HMRI and University of Newcastle researchers have discovered that treating patients who have late-stage treatment resistant melanoma with a combination of two existing drugs significantly increases their survival times.
The drug repurposing trial focused on patients with end stage melanoma whose cancers had become resistant to frontline immunotherapy treatment, a class of drugs known as Immune Checkpoint Inhibiters (ICB). ICBs interfere with a cancer cells’ ability to “hide” from the body’s immune system allowing a patient’s own body to fight the cancer.
The team found that by treating patients with a combination of two already approved chemotherapy drugs, Azacitidine and Carboplatin, they were able to re-sensitize the cancer cells to ICB treatment.
Professor Bowden said the study provided a potential new treatment for patients who, until now, had run out of options.
“In this paper we have shown in a phase II study that treatment with Azacitidine and Carboplatin could be effective in priming for anti-immunotherapy (Avelumab) in patients with advanced ICB-resistant melanoma,” Professor Bowden said.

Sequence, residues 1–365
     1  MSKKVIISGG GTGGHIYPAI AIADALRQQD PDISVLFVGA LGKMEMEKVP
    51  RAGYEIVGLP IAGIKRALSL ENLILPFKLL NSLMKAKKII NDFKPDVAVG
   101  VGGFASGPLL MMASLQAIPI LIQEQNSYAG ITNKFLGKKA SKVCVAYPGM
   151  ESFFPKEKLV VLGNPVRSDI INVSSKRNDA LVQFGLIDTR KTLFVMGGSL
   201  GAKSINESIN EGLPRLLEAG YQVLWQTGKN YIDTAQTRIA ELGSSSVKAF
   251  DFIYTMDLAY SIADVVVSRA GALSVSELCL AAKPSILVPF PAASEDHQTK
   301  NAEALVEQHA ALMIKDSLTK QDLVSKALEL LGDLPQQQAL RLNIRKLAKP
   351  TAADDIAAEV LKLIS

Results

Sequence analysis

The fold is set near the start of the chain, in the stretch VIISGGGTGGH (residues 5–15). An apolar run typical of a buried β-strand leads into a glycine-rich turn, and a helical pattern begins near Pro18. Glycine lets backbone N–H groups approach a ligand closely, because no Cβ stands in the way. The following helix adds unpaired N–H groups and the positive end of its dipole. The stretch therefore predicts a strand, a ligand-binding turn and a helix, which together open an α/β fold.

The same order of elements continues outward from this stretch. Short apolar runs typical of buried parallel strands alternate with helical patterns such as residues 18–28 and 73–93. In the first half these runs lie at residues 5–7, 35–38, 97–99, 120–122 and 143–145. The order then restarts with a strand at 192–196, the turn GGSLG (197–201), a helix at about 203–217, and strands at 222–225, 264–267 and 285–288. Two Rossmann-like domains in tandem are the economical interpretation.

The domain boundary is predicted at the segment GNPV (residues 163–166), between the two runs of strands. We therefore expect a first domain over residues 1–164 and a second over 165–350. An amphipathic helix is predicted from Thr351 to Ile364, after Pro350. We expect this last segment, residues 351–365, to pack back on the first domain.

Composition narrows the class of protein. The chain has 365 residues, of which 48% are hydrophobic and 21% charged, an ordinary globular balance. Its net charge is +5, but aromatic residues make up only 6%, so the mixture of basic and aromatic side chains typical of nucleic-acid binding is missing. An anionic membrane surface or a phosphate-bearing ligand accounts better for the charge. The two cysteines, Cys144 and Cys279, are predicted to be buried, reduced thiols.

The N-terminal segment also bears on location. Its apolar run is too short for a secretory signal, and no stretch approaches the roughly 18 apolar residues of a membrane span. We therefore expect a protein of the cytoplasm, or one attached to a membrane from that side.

The team has been investigating these drugs since 2015 and, between 2017 and 2021, 20 patients, were given the two repurposed chemo drugs in order to “prime” them for a subsequent immunotherapy treatment.
The patients survived an average of 47 weeks, with four of the patients still alive today following the treatment they received in the trial.
“For some of the patients, it was like the tumors were frozen in time and they stayed the same for a very long time. Some patients even experienced a reduction in tumor size and number,” Professor Bowden said.
The drug repurposing trial was combined with a new form of immunotherapy.
Professor Bowden explains that “melanoma cells send out a signal to the immune system that says, ‘I’m meant to be here’. The chemo drug combination we used mobilize the immune system to attack the tumors while the immunotherapy blocks that signal.”
The second stage of clinical trials are underway using updated immunotherapy drugs.
“Initial results suggest that this group of patients are doing even better on the new drugs,” Professor Bowden said.